When I was first getting into this kind of work, my instincts immediately led me away from treating my drafts as objects of mere utility. I was never comfortable with the idea of divorcing them from the conversation that I felt the finished work would go on to present. I always found myself wondering, if the sculptures were supposed to be the primary focus, then why was I giving so much attention to drafting detailed renderings of my work? I would spend hours meticulously laying out the lines on sketches which were never intended to be seen by anyone but me? I always had the nagging question in my head "If a sloppy unorganized drawing would suffice, why go further?" 
(See working sketch image below.)

Digital Fabrication, Schematic, CNC Art, CAD Art, CAD/CAM

Early on, my answer to this question was one of affection and integrity, because I cared about the process. I was moved to explore the drawing methodology like I was drawn to exploring every other facet of what it takes to bring one of my machined metal objects into this world. It was about not taking any of the steps for granted, and giving each phase of the process a fair chance to exert its proper influence on the design. It was simply fidelity to ones craft.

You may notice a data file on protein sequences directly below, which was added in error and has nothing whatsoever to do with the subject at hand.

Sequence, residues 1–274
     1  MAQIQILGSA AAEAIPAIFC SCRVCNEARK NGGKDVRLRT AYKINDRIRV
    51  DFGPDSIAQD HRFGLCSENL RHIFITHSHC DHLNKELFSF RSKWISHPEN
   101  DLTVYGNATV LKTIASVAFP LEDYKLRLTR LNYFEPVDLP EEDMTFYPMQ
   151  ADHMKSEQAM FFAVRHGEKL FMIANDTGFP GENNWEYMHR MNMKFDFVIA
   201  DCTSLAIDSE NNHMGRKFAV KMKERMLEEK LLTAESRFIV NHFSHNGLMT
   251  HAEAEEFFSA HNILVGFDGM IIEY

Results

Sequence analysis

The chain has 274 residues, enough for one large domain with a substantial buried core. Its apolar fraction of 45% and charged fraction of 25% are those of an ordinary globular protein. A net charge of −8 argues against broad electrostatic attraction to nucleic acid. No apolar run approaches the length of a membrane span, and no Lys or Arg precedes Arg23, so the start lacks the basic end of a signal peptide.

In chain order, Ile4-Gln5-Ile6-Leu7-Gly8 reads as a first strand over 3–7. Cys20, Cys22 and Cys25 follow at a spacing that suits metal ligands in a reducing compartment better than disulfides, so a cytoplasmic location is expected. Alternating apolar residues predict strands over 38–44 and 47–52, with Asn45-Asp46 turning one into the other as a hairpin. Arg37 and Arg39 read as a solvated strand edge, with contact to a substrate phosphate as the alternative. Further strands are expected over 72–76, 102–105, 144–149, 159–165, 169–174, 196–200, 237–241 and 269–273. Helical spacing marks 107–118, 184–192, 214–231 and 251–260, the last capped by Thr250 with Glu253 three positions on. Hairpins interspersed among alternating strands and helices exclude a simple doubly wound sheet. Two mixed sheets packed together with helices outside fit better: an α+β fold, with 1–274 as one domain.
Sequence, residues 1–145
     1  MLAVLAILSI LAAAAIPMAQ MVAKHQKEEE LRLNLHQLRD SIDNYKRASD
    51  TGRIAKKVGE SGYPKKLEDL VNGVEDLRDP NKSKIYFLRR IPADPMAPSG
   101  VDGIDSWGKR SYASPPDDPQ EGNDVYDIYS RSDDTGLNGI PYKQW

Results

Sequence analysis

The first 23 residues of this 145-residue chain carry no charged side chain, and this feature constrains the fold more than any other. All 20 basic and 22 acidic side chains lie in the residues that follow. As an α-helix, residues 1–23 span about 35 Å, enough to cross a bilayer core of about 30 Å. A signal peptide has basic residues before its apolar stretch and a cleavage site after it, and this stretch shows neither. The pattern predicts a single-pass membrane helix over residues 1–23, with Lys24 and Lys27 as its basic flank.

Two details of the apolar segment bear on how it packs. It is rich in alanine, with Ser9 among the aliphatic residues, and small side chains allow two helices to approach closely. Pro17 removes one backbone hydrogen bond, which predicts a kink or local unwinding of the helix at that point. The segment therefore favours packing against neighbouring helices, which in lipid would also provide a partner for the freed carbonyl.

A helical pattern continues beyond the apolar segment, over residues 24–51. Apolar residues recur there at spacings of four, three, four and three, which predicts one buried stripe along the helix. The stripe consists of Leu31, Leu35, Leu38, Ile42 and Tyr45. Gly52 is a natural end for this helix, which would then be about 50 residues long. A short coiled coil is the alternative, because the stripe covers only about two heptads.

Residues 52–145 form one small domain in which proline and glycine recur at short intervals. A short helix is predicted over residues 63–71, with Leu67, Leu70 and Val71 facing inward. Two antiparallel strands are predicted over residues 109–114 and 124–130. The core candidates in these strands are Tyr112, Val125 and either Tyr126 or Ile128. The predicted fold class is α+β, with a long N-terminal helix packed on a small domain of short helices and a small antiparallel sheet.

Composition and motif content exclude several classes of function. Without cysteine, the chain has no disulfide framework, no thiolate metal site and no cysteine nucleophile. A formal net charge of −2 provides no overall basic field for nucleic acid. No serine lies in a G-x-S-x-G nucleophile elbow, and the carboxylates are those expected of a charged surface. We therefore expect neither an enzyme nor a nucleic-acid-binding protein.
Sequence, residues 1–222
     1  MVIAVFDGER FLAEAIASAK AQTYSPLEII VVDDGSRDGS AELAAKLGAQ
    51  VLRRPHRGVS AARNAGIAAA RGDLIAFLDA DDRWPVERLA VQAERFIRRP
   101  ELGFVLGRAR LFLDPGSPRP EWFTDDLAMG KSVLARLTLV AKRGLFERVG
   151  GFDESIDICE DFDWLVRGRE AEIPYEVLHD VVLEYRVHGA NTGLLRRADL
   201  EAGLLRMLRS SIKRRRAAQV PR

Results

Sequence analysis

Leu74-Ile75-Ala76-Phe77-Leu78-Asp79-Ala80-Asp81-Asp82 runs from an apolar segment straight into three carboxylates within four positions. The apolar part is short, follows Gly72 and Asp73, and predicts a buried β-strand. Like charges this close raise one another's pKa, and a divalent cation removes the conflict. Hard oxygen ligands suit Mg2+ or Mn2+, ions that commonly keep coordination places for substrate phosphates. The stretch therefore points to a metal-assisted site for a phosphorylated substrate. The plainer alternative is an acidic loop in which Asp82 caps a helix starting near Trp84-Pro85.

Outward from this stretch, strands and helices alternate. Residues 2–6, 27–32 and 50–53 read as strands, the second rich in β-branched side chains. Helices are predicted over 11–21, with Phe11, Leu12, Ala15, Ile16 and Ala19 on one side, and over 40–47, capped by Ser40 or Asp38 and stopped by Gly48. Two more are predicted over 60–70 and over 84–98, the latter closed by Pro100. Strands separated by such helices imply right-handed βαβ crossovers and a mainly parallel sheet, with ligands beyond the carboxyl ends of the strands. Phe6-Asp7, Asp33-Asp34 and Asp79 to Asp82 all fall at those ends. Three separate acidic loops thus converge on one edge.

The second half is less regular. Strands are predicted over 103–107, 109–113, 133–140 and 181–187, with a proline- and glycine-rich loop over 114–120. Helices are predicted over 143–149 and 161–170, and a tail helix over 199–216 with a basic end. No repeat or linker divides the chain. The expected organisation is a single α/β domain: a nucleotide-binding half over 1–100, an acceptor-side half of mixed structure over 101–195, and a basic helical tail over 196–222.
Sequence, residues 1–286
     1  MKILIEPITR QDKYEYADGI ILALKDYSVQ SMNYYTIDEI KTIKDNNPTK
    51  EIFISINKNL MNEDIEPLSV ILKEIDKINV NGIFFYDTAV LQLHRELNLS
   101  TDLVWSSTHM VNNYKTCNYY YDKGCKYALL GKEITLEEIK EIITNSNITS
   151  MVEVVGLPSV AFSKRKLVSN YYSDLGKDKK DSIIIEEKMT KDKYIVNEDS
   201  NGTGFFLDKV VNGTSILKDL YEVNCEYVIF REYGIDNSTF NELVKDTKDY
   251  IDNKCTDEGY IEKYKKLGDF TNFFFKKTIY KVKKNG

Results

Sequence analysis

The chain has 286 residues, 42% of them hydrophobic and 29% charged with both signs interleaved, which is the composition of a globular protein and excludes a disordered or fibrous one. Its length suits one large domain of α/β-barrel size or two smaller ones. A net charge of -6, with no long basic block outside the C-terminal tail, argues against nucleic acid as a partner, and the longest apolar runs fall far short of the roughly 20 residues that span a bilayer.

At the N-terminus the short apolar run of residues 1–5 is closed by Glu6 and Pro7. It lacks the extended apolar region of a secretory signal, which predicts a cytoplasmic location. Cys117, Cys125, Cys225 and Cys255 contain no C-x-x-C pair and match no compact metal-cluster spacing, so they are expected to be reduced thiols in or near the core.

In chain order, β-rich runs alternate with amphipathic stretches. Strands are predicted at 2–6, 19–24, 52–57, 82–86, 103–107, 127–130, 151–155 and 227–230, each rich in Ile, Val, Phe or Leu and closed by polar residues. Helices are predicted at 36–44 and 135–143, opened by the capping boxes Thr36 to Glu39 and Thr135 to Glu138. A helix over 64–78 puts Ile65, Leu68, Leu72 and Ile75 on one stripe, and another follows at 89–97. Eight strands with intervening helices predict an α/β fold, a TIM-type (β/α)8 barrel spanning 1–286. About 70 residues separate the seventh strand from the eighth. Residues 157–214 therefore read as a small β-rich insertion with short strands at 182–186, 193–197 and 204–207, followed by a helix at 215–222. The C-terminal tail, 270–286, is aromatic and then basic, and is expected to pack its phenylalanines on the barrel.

Blueprint, Schematic, CNC Art, CAD Art, CAD/CAM, industrial design

Over time however, I was inspired to expand my idea of what Drafting and CAD work could be. Did it just have to be a drawing that was accurate? Could it also look interesting for its own sake? Were there other aspects of this approach I was missing? Could they be considered fine art? It was this sort of searching that initially led me to think about ways I could print my drawings in a non-perfunctory way. This ultimately led me to seek out and acquire a blue print machine.

Blueprint, Digital Fabrication, Schematic, CNC Art, CAD Art, CAD/CAM